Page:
Pre Originally Sported Resistive Touch Screen? 13
Fortune Magazine has an article up trying to make the case for a storied history of rivalry, hatred, and bitterness between Apple and Palm. Reading through the timeline of this (somewhat trumped-up) soap opera, we were waiting for the part where Ed Colligan gets amnesia and Jonathan Ive kidnaps Palm's lead designer when we came upon a little nugget about Jon Rubinstein, who left Apple, spent some time in Mexico, then rode in on a white horse to save Palm -- so the story goes. Anyhow, get this:
Rubinstein started, in his words, "hanging out" with Palm people in late June. He didn't like what he saw. The hardware for the Pre needed to be scrapped and rebooted. For one thing, prototypes were using old "resistive" touchscreen technology that responds to a user physically pushing the screen, not the newer "capacitive" technology manipulated by the electricity in the user's body. Rubinstein tossed out the old phone's hardware and built a new one in about 15 months. "We were basically running a marathon and doing a heart transplant in the middle of it," says Rubinstein.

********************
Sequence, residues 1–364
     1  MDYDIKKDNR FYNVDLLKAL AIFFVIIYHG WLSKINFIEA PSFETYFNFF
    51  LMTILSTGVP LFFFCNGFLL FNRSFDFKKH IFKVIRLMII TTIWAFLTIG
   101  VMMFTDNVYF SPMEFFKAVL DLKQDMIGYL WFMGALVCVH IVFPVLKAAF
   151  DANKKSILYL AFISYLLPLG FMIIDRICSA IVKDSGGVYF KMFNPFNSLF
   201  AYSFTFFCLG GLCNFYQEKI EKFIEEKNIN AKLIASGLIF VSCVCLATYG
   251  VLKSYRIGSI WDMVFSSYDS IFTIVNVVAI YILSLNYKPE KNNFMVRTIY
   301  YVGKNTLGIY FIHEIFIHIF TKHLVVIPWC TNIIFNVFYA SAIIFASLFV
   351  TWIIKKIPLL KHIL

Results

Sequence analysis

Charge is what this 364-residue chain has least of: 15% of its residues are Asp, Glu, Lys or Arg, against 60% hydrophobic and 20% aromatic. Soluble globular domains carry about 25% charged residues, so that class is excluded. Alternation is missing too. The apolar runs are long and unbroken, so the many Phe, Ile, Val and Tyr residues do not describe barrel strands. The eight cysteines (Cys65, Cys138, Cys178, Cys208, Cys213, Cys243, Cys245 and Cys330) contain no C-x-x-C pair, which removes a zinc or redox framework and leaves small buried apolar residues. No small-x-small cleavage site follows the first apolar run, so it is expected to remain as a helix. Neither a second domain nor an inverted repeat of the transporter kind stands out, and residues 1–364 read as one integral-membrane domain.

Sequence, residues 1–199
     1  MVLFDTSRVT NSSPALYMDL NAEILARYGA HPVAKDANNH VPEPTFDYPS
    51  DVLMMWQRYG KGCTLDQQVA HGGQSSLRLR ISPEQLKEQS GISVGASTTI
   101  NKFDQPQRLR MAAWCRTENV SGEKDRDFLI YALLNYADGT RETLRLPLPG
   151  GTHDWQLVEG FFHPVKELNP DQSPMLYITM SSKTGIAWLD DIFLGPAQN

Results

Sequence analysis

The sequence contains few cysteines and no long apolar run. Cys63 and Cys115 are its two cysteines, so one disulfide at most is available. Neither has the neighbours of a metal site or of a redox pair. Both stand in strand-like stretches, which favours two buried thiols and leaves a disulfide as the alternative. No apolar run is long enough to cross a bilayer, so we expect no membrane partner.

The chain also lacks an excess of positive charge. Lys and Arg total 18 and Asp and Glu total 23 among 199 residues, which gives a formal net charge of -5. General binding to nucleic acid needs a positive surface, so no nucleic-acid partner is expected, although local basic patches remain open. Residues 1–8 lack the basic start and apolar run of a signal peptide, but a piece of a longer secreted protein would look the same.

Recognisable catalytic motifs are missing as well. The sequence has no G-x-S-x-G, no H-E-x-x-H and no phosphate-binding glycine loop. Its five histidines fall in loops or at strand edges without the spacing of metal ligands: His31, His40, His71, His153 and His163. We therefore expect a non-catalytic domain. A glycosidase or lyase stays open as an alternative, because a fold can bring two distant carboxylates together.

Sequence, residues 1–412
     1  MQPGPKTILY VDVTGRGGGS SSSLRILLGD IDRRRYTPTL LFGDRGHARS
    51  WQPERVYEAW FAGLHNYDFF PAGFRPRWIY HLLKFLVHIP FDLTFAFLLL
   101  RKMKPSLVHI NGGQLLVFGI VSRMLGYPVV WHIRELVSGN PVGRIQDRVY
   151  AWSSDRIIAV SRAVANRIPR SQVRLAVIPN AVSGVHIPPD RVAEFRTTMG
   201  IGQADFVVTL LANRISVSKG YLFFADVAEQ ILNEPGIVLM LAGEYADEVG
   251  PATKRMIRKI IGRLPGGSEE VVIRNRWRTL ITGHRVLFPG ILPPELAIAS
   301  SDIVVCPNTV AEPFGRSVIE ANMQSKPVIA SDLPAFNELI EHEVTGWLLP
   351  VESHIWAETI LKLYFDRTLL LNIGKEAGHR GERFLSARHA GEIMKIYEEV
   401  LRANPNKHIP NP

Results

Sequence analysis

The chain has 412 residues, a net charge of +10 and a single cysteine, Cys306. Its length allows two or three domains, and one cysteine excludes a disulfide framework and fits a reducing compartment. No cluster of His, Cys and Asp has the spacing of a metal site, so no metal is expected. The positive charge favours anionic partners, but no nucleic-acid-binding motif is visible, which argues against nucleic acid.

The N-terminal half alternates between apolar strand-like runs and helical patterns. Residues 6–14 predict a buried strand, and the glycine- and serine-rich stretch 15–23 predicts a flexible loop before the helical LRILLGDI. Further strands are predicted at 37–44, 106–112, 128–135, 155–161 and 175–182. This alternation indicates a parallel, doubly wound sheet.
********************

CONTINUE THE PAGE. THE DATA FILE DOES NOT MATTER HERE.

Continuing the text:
A resistive touchscreen is the kind that you see on PalmOS Treos and Centros and Windows Mobile phones -- the kind that usually requires a stylus for any sort of accurate touch interaction. Let's just say that if the Pre had launched with a resistive touch screen we would be slinging the word "Catastrophe" around a bit.
Our pal Rene Ritchie at TiPb reported on the day the Pre was announced that during Rubinstein's time at Apple he pressed to get a physical keyboard on the iPhone and was denied. If he truly did lead a complete redesign of the Palm Pre, then it sounds like he has gotten his wish.
Thanks to Gekko in our forums for the tip!